Ports, harbours and terminals are some of the toughest environments when considering fire safety. Full of activity with large amounts of traffic, including people unfamiliar with the site and localised issues, each location offers it’s own specific challenges dependent on business demands.
UK Fire legislation is very precise on what measures need to be taken to meet the law. There are a few exceptions, one of which is anything that flies, floats or runs on wheels. Other than that, the law is clear on what must be done to be compliant.
In conjunction with the Fire Safety Order,England and Wales and similar Acts for Scotland and Northern Ireland, there are a plethora of other considerations which need to be fed into a plan. These include issues such as the fire alarm system itself and how to help disabled people. Evacuation plans need to be devised, as well as thinking about how to deal with an emergency should it occur. Are there trained persons on site to deal with extinguishing a fire and are there sufficient and correct extinguishers available?
These factors must work together to promote the very safest of environments whilst still maintaining business continuity and efficiency. Financial demand and time constraints seem to be the order of the day, however, cutting corners or ignoring these responsibilities could be fatal and result in custodial sentences for those responsible.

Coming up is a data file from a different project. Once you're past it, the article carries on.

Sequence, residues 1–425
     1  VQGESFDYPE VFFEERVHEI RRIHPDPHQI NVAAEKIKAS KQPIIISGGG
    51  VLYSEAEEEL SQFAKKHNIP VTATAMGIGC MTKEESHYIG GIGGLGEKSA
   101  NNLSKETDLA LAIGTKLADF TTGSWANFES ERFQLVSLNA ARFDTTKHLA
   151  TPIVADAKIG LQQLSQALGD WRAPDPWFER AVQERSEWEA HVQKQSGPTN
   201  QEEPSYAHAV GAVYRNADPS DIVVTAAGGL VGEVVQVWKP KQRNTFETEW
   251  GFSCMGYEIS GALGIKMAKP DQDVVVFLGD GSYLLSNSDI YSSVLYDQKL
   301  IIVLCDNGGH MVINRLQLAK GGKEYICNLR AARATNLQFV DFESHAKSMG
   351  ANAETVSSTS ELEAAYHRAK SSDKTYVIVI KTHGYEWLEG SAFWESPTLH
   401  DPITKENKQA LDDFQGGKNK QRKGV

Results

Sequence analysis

Whilst daunting, adopting a modular approach of dealing with each area of risk by using experienced and competent people to manage and define a plan, it can be achieved safely.
Let’s explore some of the basics and start with a fire detection system. The very nature of a busy port or terminal means that this needs to be accurate, as false alarms are both inconvenient and costly, with the possibility of people on-site losing confidence in its ability to accurately detect a fire. Other challenges such as the footprint of the site and the layout of buildings may mean that traditional thinking might need to be reconsidered. Then there are the newly introduced guidelines about visual devices in a noisy environment or for those with hearing difficulties. There are of course standards that need to be met – BS5839 is clear on what is needed once the type or category of system is identified.
Wireless technology is becoming more prevalent as it provides a fast-track solution to installing systems quickly and without disruption. Outlying buildings can be connected by radio without digging ducts or using catenaries, avoiding protracted civil works and the associated headaches surrounding increased Health and Safety issues.
Connecting a number of systems is also achievable using radio technology, allowing site-wide information to flow quickly, enabling staff to act rapidly to avert a more serious problem. The caveat is that any such system must be from an established company providing products that meet the European standard EN54-25 that ensures radio is every bit as good as a traditionally wired systems. Again, the use of a competent and experienced person knowledgeable in this area is fundamental.
EMS FireCell is EN54-25 certified and 3rd party approved. It supports up to 4,096 wireless devices and up to eight EMS FireCell systems can be linked together seamlessly across buildings. This means that, for estates of more than one building, such as ports and passenger terminals, effective fire protection can be achieved holistically.